Levi’s to Keep Dockers as Bids Fall Short

Phil Marineau had a succinct explanation for why Levi Strauss decided not to sell its Dockers brand: “We weren’t going to give it away.”

NEW YORK — Phil Marineau had a succinct explanation Monday for why Levi Strauss & Co. decided to pull its Dockers brand off the selling block: “We weren’t going to give it away.”

Levi’s president and chief executive officer said in a phone interview, “We always said that this was a strategic choice that we were taking to try and strengthen the financial performance of the company by reducing the debt with a large paydown, but this wasn’t a desperation sale and we weren’t going to do it unless we got our full value for the business.”

Levi’s executives said that bidders failed to meet the target price the San Francisco-based company had set for the $1 billion casual pants unit.

“The buyer set was not getting to the right value, and we made the strategic decision to keep the business,” said Jim Fogarty, Levi’s acting chief financial officer.

Levi’s did not disclose what number it had been seeking, though sources said it was significantly higher than the minimum threshold of more than $600 million agreed to by its bondholders. Levi’s said in a filing last month with the Securities & Exchange Commission that its lenders had signed off on the sale so long as it reduced the firm’s debt by at least 30 percent. When Levi’s third quarter closed on Aug. 29, its total debt stood at $2 billion.

Sources said the firm had been holding out for $800 million to $900 million for the business, which it had put on the block in May.

“They just overpriced themselves,” said one financial analyst, who spoke on the condition of anonymity.

The news of the decision prompted Levi’s bonds to slip 3.5 cents to $1.03 on the dollar by Monday afternoon, according to financial sources.

The brand had attracted the attention of many of the apparel industry’s largest players and firms, including Li & Fung Ltd., VF Corp., Kellwood Co., Liz Claiborne Inc., Jones Apparel Group, Perry Ellis International and Haggar Corp., and several private equity groups were said to have considered making a bid. The business’ large size limited the pool of potential acquirers, and sources said Levi’s insistence on a price that exceeded 80 percent of revenue turned off many prospective buyers.

This story first appeared in the October 19, 2004 issue of WWD.  Subscribe Today.

During the sale process, several industry consultants who typically involve themselves in such deals said Levi’s wasn’t as forthcoming with information on Dockers as they would have typically expected from a seller.

Marineau noted that Levi’s has strengthened its financial position over the past year, since hiring turnaround specialists Alvarez & Marsal to advise it.

“This year we’ve paid down net debt by $100 million as we continue to improve our economic performance,” he said.

Last week, the firm reported that it swung to a $49.8 million net profit in the first nine months of its fiscal year, compared with a $104.2 million net loss a year earlier. The earnings were due to significant margin improvement, as sales were up just 0.8 percent in the period to $2.92 billion.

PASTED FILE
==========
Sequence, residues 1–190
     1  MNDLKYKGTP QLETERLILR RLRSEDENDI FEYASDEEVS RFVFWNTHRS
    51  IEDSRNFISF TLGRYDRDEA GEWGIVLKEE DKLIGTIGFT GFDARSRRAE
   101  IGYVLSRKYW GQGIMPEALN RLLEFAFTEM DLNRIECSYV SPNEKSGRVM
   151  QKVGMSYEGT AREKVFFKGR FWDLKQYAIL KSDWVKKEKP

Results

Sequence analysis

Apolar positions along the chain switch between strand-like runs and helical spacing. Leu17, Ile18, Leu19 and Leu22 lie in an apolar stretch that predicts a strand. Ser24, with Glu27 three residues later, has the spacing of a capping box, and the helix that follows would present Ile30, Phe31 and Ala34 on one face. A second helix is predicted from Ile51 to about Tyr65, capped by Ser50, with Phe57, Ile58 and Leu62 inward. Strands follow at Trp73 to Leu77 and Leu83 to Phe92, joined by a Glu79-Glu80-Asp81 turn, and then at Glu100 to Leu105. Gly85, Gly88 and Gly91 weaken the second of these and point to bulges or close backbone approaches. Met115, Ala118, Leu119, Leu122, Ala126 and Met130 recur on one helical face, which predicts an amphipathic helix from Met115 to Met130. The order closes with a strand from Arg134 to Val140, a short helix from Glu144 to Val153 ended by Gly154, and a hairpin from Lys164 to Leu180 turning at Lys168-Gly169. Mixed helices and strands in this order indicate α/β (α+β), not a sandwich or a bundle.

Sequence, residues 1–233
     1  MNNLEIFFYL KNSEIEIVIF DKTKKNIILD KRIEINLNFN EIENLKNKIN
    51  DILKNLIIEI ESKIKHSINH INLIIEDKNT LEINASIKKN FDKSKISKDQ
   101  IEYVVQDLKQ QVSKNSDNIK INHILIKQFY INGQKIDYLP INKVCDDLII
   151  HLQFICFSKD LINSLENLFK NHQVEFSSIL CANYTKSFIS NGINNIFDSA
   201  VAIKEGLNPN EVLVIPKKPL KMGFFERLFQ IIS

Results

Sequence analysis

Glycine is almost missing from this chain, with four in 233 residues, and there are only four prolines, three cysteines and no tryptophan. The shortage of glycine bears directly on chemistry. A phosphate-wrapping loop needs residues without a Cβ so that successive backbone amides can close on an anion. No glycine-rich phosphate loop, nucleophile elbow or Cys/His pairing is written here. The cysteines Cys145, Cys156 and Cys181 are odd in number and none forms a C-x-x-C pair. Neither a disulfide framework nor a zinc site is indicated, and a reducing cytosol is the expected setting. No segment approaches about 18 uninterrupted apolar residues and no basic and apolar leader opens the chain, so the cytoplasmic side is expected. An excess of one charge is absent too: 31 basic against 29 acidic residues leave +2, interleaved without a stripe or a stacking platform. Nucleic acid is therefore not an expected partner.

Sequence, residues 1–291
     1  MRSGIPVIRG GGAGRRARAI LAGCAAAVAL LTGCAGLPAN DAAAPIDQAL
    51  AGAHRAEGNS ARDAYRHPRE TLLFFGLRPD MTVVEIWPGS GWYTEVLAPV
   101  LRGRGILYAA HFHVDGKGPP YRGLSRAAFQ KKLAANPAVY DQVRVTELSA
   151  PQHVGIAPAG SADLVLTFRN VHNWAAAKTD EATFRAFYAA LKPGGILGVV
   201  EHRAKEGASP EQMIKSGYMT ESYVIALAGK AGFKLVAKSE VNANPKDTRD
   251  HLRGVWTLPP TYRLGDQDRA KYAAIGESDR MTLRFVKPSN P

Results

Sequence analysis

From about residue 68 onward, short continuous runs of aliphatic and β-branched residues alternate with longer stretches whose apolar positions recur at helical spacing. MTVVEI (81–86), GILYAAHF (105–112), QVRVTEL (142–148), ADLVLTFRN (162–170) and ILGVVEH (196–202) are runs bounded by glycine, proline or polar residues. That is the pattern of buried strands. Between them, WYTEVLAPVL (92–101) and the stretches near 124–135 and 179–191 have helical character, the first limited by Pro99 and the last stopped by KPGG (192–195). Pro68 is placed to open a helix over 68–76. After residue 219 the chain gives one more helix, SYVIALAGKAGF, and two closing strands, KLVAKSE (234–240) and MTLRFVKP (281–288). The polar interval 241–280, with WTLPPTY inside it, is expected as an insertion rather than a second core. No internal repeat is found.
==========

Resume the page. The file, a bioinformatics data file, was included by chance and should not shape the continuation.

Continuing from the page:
Dockers sales came to $603.9 million for the nine months. Sales in the U.S. were off 19.9 percent and in Europe were down 8 percent, more than offsetting 10.7 percent growth in Asia. In 2003, wholesale volume for the Dockers brand was about $1.36 billion, including licensed products.

While discussing the firm’s third-quarter earnings, Levi’s executives noted the company was allowing its sales to slide somewhat — they were off 8.2 percent in the third quarter — as it walked away from some less-profitable sales and tightened inventories. Marineau indicated Monday that the company would remain focused on the bottom line.

“We’ve strengthened the company’s financial performance tremendously over the course of the last year, with stable sales,” he said. “Our focus is going to hold to that for the next 18 months.”

Levi’s sales have fallen for the past seven years, from a peak of $7.1 billion in 1996. In recent months Levi’s executives have declined to make any projections as to when they would end the revenue slump, saying they were more concerned with margins.

Marineau said there’s room to improve Dockers’ performance.

“We saw the opportunity to do product development on a more global basis, rather than region by region, as we’ve been doing it,” he said.

Geographically, Levi’s is currently organized into three divisions: the Americas, Europe and the Asia-Pacific region. He added that Dockers would also seek to expand its sale of items other than pants.

“We see some opportunities in sportswear that are perhaps greater than we exploited,” he added, offering few specifics.

Levi’s has been restructuring in earnest since bringing on Alvarez & Marsal in December. The apparel firm over that time slashed its head count by 22.8 percent to 9,500 and closed most of its few remaining factories.

Levi’s has also continued to roll out the Levi Strauss Signature brand into the mass market, growing distribution beyond Wal-Mart to include Target, Meijer, Shopko and Pamida, as well as international retailers. It’s in the process of shipping the line to selected Kmart stores. The company also launched a fall consumer advertising campaign for the Signature brand, which it initially said would not be advertised outside of stores.